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Sun City Girls - God Is My Solar System / Superpower

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Artist: Sun City Girls

Album: God Is My Solar System / Superpower

Label: Eclipse

Review date: Aug. 4, 2003

Scribbles From the Drawing Board

God Is My Solar System and Superpower, dating from 1982 and 1983 respectively, were the first two cassette recordings ever released by Arizona-based neo-dada costume-rockers the Sun City Girls. The Girls, who boast an incredibly lengthy “out-of-print or otherwise unavailable” column in their discography, are certainly ripe for a substantial reissue project that won’t break the bank. Locust’s admirable but fetishistic 3-LP, $35 reissues of 330,003 Crossdressers Beyond the Rig Veda and Dante’s Disneyland Inferno have thankfully (for the weak-willed among us) been halted at two – keeping labels like Sound@One in mind, it’s safe to say that hipster mysticism doesn’t uphold asceticism as one of its primary tenets. Thankfully, Eclipse Records has assumed responsibility for making much of the band’s hidden history audible again, and for a reasonable price to boot. The handsome God Is My Solar System / Superpower double-gatefold LP is the first of a series of ten proposed reissues of the band’s cassette catalog, and it’s a fine place to establish your SCG bearings before tracing their wildly variable tangents and tantrums across twenty years of subsequent recordings.

The Sun City Girls – at their core, brothers Alan and Sir Richard Bishop with Charles Gocher on drums – have always taken a postmodern approach to music and musical theatre. Their best records are schizophrenic pastiches of folk guitar plucking, ancient eastern ritual, cosmic jazz excursions, late-capitalist satire, kabuki theatre, and anything else worth cramming into what are often twenty- and thirty-odd numbered song cycles. At the point of their humblest origins (I should note that predating God Is My Solar System, different manifestations of SCG called, among other things, Fuck You, The Next, and Paris 1942 – featuring Moe Tucker on drums – were also kicking around Phoenix) the Sun City Girls made use of a terrific collision of two central forms – punk and free jazz. Even when the marriage was a bit too shaky to fly, it wobbled and lurched pretty seductively.

On God Is My Solar System, the title track sounds a bit like listening to the Minutemen with a trigger finger on the mute button. Gaping pauses separate staccato bass notes and guitar squawks before the song settles into a messy, improvisational groove. With less on their palette than later efforts, the band’s patent wackiness is nevertheless apparent, though they sound more like Trumans Water at this stage than future grandpappys to legions of psych fiends. Some of God’s material is slightly more meditative, like “Mosquito” with its buzzing, nominal drone underpinned by tabla-styled percussion, but at heart it’s all pretty art-damaged and coarsely messy. There’s a heap of novice spazz-rock (“Komodo”, “561B”) but much of the frenzy is bridged competently by sly change-ups. “Invocation,” the first track that includes what would later become a hallmark – a sing/speak narrative style – rages atypically before evolving into a skewed carnival barker growling over a dizzying merry-go-round melody. The chant morphs across many minutes, and its bloated irreverence marks the tentative, though not unsuccessful, beginnings of the SCG epic poem.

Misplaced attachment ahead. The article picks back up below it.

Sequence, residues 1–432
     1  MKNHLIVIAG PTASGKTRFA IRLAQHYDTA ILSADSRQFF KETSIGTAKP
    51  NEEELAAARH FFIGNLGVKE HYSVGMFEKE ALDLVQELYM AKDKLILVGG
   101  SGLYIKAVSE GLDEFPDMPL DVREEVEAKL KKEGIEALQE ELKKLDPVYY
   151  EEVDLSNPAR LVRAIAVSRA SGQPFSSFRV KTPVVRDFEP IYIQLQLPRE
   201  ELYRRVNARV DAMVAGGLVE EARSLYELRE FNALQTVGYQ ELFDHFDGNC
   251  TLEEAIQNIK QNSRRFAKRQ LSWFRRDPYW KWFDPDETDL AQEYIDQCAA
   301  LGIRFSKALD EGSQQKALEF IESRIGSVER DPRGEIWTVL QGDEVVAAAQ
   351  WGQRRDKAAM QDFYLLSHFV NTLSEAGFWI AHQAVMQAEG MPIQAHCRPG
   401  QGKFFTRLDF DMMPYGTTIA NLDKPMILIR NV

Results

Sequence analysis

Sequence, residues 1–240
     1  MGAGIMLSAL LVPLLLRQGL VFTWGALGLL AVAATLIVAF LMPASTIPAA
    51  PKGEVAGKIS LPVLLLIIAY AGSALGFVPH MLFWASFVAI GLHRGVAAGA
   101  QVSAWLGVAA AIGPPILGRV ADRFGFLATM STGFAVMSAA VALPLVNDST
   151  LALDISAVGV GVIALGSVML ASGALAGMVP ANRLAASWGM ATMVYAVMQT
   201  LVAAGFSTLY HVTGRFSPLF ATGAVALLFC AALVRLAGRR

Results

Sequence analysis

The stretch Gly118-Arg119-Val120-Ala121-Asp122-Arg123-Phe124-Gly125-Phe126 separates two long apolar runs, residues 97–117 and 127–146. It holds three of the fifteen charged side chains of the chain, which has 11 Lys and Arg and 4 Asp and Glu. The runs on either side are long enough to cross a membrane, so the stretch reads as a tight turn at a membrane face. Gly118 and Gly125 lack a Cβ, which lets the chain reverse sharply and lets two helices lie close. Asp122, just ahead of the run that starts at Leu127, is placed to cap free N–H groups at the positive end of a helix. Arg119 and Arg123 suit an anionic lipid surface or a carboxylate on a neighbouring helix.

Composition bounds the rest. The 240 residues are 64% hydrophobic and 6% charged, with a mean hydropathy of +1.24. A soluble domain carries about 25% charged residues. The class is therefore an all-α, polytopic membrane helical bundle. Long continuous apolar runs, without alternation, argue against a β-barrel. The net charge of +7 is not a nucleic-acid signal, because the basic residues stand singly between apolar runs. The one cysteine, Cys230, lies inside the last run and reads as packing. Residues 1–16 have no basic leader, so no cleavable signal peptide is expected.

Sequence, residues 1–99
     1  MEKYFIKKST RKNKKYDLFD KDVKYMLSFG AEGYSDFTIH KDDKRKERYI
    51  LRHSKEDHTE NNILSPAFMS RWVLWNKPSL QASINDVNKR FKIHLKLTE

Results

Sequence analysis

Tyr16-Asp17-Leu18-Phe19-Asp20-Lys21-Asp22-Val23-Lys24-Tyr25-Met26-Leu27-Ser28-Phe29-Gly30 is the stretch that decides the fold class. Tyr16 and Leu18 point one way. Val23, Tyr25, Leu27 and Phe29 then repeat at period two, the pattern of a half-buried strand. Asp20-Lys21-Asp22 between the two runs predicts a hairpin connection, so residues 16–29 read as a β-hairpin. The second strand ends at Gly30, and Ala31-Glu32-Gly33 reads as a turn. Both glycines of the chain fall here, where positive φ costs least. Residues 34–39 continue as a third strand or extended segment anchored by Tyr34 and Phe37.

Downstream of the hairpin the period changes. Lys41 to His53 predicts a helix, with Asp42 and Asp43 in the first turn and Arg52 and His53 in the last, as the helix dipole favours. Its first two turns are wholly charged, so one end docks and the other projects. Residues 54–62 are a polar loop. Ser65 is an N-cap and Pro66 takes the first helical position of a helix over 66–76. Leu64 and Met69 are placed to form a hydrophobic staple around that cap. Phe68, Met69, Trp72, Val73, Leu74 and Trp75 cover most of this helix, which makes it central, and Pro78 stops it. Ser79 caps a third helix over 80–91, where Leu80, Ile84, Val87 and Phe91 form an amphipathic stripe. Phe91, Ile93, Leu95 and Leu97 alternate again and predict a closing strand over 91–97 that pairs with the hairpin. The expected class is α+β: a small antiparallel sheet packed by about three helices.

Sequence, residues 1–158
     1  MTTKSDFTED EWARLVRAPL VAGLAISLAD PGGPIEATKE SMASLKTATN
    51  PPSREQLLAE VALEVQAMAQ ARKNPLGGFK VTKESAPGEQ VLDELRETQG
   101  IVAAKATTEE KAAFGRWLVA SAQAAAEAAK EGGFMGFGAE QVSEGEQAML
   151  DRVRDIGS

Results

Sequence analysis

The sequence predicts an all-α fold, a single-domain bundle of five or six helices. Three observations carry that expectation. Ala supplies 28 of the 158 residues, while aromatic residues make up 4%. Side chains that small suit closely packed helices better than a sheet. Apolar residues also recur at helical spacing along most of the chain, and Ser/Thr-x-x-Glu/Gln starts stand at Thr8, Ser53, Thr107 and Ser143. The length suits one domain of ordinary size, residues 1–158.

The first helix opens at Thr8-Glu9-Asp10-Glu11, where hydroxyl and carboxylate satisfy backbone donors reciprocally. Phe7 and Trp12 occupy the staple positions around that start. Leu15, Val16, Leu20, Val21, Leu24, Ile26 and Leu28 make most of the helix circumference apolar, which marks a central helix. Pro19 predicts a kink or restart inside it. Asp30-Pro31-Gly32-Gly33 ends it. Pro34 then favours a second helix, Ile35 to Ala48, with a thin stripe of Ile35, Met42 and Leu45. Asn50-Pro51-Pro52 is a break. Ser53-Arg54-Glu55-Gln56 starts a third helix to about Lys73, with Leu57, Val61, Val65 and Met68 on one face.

Superpower shows the Girls better getting the hang of never getting the hang of it. “Glass Globe” sounds like a ragged cover of an old ballad I should probably recognize, but the anarchic guitar and synthesizer embellishments transform it into the last dance song at a very trippy wedding. It’s the most structured track on the reissue, and some solid footing makes the playful improv all the more digestible. “Alien Free” Parts 1 and 2 are psychic jazz extemporizations featuring Alan Bishop and Jesse Srogoncik on dueling alto saxophones. Not complete without Eddie Detroit’s “goat calls,” it’s a very enjoyable and considerably more palatable mess than much of God’s murkiness. The latter half of the movement carries nicely into the incantation of “Demon on the Beach,” making the fourth side one of the reissue’s strongest.

Like much of the Sun City Girls’ output, God Is My Solar System / Superpower is rough and tumble stuff, recorded spontaneously during practice sessions and without bothering to round the edges. While it doesn’t stack up with the best of their early to mid-’90s stretch, I’d say it rivals the hot/cold Carnival Resurrection Series of the past few years. Kudos to Eclipse – with nine more reissues on the way, there’ll be lots of fun material to sift through.

By Nathan Hogan

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